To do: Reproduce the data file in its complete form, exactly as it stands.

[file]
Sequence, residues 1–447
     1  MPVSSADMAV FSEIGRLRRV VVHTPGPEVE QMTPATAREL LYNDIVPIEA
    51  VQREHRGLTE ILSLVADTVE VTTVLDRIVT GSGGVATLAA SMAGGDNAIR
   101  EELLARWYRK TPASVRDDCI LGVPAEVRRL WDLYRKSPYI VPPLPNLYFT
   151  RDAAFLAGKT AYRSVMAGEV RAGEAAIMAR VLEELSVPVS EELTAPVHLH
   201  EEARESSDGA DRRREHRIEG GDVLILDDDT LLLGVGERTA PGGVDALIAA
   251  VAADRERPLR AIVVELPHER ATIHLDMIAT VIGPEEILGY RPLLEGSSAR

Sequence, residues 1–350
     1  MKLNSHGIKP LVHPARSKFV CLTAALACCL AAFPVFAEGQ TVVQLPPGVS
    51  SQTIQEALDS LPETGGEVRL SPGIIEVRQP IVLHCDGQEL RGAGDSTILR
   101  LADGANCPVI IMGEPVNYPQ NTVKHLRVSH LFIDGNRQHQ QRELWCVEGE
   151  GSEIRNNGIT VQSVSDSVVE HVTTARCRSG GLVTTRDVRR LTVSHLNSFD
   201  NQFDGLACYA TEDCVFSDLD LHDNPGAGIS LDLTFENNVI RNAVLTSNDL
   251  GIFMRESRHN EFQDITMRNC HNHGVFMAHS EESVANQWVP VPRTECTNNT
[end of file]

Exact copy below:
Sequence, residues 1–447
     1  MPVSSADMAV FSEIGRLRRV VVHTPGPEVE QMTPATAREL LYNDIVPIEA
    51  VQREHRGLTE ILSLVADTVE VTTVLDRIVT GSGGVATLAA SMAGGDNAIR
   101  EELLARWYRK TPASVRDDCI LGVPAEVRRL WDLYRKSPYI VPPLPNLYFT
   151  RDAAFLAGKT AYRSVMAGEV RAGEAAIMAR VLEELSVPVS EELTAPVHLH
   201  EEARESSDGA DRRREHRIEG GDVLILDDDT LLLGVGERTA PGGVDALIAA
   251  VAADRERPLR AIVVELPHER ATIHLDMIAT VIGPEEILGY RPLLEGSSAR

Sequence, residues 1–350
     1  MKLNSHGIKP LVHPARSKFV CLTAALACCL AAFPVFAEGQ TVVQLPPGVS
    51  SQTIQEALDS LPETGGEVRL SPGIIEVRQP IVLHCDGQEL RGAGDSTILR
   101  LADGANCPVI IMGEPVNYPQ NTVKHLRVSH LFIDGNRQHQ QRELWCVEGE
   151  GSEIRNNGIT VQSVSDSVVE HVTTARCRSG GLVTTRDVRR LTVSHLNSFD
   201  NQFDGLACYA TEDCVFSDLD LHDNPGAGIS LDLTFENNVI RNAVLTSNDL
   251  GIFMRESRHN EFQDITMRNC HNHGVFMAHS EESVANQWVP VPRTECTNNT